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All right. All right. So the LSU coach said the site was a "disgrace to integrity" and insisted a more neutral court would be "Leningrad Stadium." So the Mississippi coach cried about the officiating; not complained, mind you, but cried—broke down and wept. So Rupp Arena in Lexington, Ky. isn't the fairest place on earth to play basketball if you don't have KENTUCKY emblazoned across your uniform. Picky, picky. If you were running that venerable football wonderland known as the SEC and you wanted to showcase your burgeoning, now-20th-century basketball programs, where would you locate a 10-team, four-day spectacular of a postseason conference tournament? On Golden Pond? At Auburn?
Besides, no one could maintain that the auslanders in the SEC got themselves totally whupped in Rupp after Alabama stunned the host Wildcats 48-46 in the tournament finale last Saturday night. Not only did the Crimson Tide fight the hardest, dig the deepest and play the best in winning the title and, with it, an automatic bid to the NCAA playoffs, but 'Bama also showed everyone exactly how to sneak into a 'Cat's lair and overcome a 30-game home winning streak. Rolllll, Tide? No. Ebb, Tide.
Specifically, what quick, resourceful, voracious-rebounding Alabama did was to slow its 78-points-per-game attack to eliminate the crowd from the fray; horse the backboards in horse country, gobbling up everything it didn't outright reject (the Tide had a 26-18 rebound margin and five blocked shots); and ultimately give the ball to a wonderfully creative freshman guard named Ennis Whatley, so he could account for 27 points and take charge in the final seconds.
A week earlier 'Bama had pitifully rolled over in a season-ending 80-63 loss to lowly Vanderbilt and thus denied itself a share of the SEC regular-season championship with Kentucky and Tennessee. But in the tournament the Tide regained momentum with an impressive 85-74 romp over Georgia and then outsteadied the normally mistake-free Tennessee machine 56-50. After the Wildcats escaped the overexuberant clutches of Ole Miss 62-58—ole in this case referring to the olfactories through which the Rebels, having been whistled for 38 fouls, smelled a home-cooked rat—here came Alabama face-to-face with the veteran Kentucky team that had already beaten the Tide twice by a combined 27 points and were at home in Lexington. At Rupp. With those KENTUCKY WILDCATS block letters shining from the Kentucky floor and 21,981 Kentuckians (mostly) baying at the Kentucky moon. It's just like Brer Rabbit said, "I don't keer what you do wid me, Brer Fox...but don't fling me in dat brier-patch."
On Saturday the part of the briers was played by Kentucky's man-to-man defense, which Whatley destroyed at the beginning of the second half when he bobbed and weaved for seven straight points off the 'Cats' Dirk Minniefield. With Alabama in front 34-27, Kentucky reverted to a zone trap that kept Whatley from penetrating and denied the ball to the Tide's meaty inside pair of Bobby Lee Hurt and Eddie Phillips (who can also hurt).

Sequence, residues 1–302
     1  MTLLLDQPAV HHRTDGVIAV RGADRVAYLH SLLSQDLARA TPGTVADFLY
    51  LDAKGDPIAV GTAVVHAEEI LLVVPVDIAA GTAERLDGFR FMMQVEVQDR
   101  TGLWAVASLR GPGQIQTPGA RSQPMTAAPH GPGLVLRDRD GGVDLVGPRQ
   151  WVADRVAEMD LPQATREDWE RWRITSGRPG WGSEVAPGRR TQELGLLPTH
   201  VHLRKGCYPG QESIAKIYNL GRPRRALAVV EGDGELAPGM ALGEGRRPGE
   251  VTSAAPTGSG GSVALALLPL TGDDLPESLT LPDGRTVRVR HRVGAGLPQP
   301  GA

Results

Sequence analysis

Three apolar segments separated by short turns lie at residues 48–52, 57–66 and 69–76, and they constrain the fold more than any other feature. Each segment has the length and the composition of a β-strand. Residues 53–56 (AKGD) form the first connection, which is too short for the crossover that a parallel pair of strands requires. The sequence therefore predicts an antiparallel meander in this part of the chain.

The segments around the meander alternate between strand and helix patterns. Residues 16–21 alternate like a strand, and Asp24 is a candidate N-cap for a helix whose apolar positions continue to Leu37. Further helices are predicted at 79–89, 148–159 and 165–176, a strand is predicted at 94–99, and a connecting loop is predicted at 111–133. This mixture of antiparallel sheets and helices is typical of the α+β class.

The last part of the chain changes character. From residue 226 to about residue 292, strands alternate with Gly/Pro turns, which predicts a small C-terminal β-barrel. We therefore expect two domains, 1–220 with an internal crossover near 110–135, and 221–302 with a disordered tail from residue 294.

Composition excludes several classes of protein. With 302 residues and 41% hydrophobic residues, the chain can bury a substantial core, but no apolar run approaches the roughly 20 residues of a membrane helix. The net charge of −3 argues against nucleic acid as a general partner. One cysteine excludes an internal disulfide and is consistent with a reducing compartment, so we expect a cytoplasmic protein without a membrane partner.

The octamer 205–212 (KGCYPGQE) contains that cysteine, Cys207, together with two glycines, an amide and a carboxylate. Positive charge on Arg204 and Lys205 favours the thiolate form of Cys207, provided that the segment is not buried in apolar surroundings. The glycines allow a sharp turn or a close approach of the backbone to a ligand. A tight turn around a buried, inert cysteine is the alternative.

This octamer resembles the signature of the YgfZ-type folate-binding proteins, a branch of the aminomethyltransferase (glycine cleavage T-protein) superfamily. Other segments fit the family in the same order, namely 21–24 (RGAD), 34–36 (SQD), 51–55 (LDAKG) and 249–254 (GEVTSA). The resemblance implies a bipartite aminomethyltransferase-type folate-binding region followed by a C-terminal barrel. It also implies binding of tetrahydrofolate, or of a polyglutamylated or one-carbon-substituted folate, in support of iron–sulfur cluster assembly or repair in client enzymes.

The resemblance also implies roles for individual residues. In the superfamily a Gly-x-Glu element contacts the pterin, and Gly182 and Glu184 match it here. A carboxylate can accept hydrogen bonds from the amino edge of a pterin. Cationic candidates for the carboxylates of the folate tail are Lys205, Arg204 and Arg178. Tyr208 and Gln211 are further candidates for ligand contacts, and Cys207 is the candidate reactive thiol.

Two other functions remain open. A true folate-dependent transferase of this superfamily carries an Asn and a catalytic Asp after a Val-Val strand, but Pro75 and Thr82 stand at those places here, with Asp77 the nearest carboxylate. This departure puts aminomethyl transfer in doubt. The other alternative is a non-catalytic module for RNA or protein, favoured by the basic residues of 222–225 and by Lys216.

After Kentucky battled back to lead 40-38 with 11:52 to play, the teams settled into a deliberate style. The championship game's 10th and 11th ties were forged when the Wildcats' hulking center, Mel Turpin, got two dunks off a rebound and a lob pass. The second of Turpin's baskets tied matters at 46-46 with 4:36 left. It was the last time Kentucky would get the ball down low.
Derrick Hord then became Alabama's prime victim. Hord, who had had a miserable time shooting—13 of 36 for the tournament—suddenly had a worse time holding on to the ball. At 3:30 Whatley stripped him. Then, after Hurt made a turnover and Kentucky got the ball back, Hord was tied up by the Tide's defensive bastion, Mike Davis, at :33. Under the alternate possession rule Kentucky still controlled, but nine seconds later Davis and Whatley both swarmed Hord, pressuring him into a traveling violation.
Now Alabama had the basketball and the tournament right where it wanted both all along: in the hands of Whatley, one-on-one, foul line extended. "Git the damn thang airborne quick," Tide Coach Wimp (yes, Wimp) Sanderson had drawled in the time-out huddle after Hord's travel, knowing that Kentucky, which had fouls to give, would attempt to nail Whatley before the shot. But Whatley, who already had 11 points and eight assists, buzzed around the 'Cat defenders so fast they never laid a glove on him.
Whatley's 12-foot banked jumper was released with seven seconds left but the ball glanced off the front rim and bounded up for grabs. Quick as you can say Enimo—a diminutive of Ennis, not Meeny-Miney-Mo's partner—Whatley was in the lane to catch the rebound and fire again. Was this attempt really that short, really an air ball? Uh-huh. But it was also a Phillips ball: Phillips, the 6'7" senior forward who had christened Whatley a "franchise" when Whatley was in grade school back in Birmingham and had waited for him in Tuscaloosa; Phillips, who had pounded the boards so viciously he injured his hand slapping the glass; Phillips, who so far had 14 baskets and 23 rebounds in the tournament. Now Phillips almost nonchalantly added one more of each as he skied, caught Whatley's shot in midair, came back down and flipped the ball into the hole.
It was an excruciating way for Kentucky to lose a championship, but by nature postseason conference tournaments are like that—harsh worlds unto themselves, noisy islands in the NCAA stream of unconsciousness. Floating out there in limbo between the end of the regular schedule and the beginning of the real tournament, they can define a team's season and crush its soul at the same time. But it's a green limbo. The ACC started this excitement/mess, and now so much money is to be pocketed from these meaningless exhibitions that all but five major conferences have copied the gimmick in one form or another.